• The Pi takes about 700mA of the total power without anything plugged in (USB, HDMI, etc), so depending on the power adapter used, there might not be enough power.  In this case, I used a 2A plug.
  • Since each color will require more than 16mA of power to turn on, I need to utilize transistors and the 5V pin from the Pi.  I will use the GPIO to handle closing the circuit on an NPN transistor.  I believe I need to use NPN due to the fact that the LED has a common anode.

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OpenCompute IPMI with F11 / F12 Issues

These are more notes than a real blog post.  Working with IPMI on OpenCompute has weird quirks and one of those is the Serial BIOS with the F11 and F12 keys.

Here’s an example of using ipmitool to pull information remotely about the power status

$ ipmitool -C3 -I lanplus -H -U admin -P <password> power status

Using the Serial BIOS

The serial BIOS interface is a bit brain damaged in that it does not recognise the “F11″, and “F12″ key escape codes that most terminal programs send, instead you can send “Esc-!”, and “Esc-@” (yes very logical, as long as the ‘@’ key is normally typed using ‘Shift-2′ – as on US keyboards, not miles away from the ‘2’ key, as on many non-US keyboards).  These escapes from HP, and Dell serial BIOS’ may or may not be useful:

Defined As     F1     F2     F3     F4     F5     F6     F7     F8     F9     F10    F11    F12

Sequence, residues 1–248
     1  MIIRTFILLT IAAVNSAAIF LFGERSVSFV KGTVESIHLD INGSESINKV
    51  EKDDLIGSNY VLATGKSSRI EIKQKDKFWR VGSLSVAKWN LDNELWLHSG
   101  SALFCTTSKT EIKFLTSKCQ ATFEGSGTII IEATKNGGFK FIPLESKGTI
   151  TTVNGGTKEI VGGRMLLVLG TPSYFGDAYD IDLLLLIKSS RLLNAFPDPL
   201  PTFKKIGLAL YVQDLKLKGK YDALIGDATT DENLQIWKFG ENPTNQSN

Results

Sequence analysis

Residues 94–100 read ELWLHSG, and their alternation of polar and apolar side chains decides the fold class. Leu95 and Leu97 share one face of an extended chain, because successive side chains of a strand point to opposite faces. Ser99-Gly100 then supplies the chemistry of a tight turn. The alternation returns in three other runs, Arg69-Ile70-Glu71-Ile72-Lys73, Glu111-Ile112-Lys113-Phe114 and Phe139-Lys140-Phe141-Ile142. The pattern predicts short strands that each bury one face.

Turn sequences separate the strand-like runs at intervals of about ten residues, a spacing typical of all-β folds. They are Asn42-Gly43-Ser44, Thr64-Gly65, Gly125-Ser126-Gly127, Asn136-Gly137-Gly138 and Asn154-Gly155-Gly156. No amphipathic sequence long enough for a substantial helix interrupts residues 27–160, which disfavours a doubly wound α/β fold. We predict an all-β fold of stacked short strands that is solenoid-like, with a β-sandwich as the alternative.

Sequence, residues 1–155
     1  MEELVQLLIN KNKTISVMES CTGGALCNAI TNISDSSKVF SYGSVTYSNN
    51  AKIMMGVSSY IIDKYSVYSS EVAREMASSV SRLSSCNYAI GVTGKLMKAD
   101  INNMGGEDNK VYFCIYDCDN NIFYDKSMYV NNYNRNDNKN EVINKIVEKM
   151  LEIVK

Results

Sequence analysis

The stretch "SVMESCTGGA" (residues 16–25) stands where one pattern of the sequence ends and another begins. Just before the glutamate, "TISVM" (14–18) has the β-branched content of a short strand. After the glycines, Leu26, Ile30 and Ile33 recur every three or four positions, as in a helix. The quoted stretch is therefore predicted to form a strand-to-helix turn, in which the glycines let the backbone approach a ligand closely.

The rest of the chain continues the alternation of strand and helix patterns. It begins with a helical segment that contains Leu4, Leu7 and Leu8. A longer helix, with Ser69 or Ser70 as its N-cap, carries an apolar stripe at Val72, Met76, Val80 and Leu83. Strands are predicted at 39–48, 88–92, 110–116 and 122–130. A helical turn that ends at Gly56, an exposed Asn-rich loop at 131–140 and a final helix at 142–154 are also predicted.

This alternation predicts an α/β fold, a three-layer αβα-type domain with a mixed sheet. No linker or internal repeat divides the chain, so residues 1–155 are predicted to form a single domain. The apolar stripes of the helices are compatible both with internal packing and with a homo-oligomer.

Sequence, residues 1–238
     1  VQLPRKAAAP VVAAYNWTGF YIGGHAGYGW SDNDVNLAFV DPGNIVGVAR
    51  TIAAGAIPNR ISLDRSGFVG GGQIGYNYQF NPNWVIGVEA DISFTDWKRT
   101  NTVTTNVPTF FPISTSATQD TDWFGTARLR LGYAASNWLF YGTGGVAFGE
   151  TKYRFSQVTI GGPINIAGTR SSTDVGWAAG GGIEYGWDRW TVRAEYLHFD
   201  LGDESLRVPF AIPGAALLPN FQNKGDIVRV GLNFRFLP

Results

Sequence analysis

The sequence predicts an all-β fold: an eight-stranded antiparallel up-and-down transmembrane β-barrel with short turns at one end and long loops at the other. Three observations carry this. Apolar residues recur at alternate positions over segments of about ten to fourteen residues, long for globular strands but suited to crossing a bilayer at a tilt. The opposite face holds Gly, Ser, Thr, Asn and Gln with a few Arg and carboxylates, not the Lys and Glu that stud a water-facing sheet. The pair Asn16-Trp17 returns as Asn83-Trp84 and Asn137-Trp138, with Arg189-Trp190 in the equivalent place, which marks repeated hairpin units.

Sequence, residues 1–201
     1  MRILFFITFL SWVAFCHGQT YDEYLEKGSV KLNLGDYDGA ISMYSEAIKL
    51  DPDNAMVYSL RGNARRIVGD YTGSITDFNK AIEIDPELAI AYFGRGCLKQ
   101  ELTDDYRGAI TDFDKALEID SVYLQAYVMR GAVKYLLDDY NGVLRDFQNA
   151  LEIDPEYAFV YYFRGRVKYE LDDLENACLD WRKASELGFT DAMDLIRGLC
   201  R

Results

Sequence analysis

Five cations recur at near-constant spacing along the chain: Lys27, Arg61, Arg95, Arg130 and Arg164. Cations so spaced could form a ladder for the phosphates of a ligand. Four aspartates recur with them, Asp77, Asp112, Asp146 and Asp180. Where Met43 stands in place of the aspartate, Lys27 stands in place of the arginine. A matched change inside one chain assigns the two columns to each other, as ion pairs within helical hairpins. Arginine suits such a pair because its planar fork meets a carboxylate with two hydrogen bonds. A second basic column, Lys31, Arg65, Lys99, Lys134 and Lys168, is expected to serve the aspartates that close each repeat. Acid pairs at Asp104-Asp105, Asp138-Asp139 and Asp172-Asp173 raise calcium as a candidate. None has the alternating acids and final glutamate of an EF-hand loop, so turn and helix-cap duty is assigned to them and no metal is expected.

Keyboard Entry <ESC>1 <ESC>2 <ESC>3 <ESC>4 <ESC>5 <ESC>6 <ESC>7 <ESC>8 <ESC>9 <ESC>0 <ESC>! <ESC>@

Defined As     Home   End    Insert Delete PageUp PageDn
Keyboard Entry <ESC>h <ESC>k <ESC>+ <ESC>- <ESC>? <ESC>/

Use the <ESC><Ctrl><M> key sequence for <Ctrl><M> Use the <ESC><Ctrl><H> key sequence for <Ctrl><H> Use the <ESC><Ctrl><I> key sequence for <Ctrl><I> Use the <ESC><Ctrl><J> key sequence for <Ctrl><J> Use the <ESC><X><X> key sequence for <Alt><x>, where x is any letter key, and X is the upper case of that key

Setting up TomatoUSB for VLANs and Ubiquiti AP

So after getting a quarter of the way through a comment to a question somebody had on my Ubiquiti APs, TomatoUSB, VLANS, and Linksys e3000 post, I realized it would probably work better as a post instead. Christoph’s question was:

How did you wire everything? I’m trying to do the same and had no luck. I only have one UAP, but if I turned on tagging for the Port I used for each bridge, I wouldn’t even get an IP.
I would like Management and Home to be one vlan, and guest another, so my setup is simpler. Maybe knowing how you wired it will help.

I’m going to walk essentially through what steps I remember taking to get up that far.


  • VLAN 2: Home / Management
  • VLAN 3: DMZ
  • UAP plugged into Port 1
  • Admin Computer plugged into Port 4
  • Management / Home network is
  • Guest network is
  • You have a VLAN edition of Toastmans TomatoUSB mode

Setting up TomatoUSB Read more »

RocketRaid 622 Driver (rr62x) for Ubuntu Linux Kernel 3.8

More of a reference for myself so that I don’t have to go through this again, but I put together the patches people had in multiple places so that I can install rr62x-dkms on my 12.04 system. Probably a better way to do this, but I’m tired and just wanted to get the system up.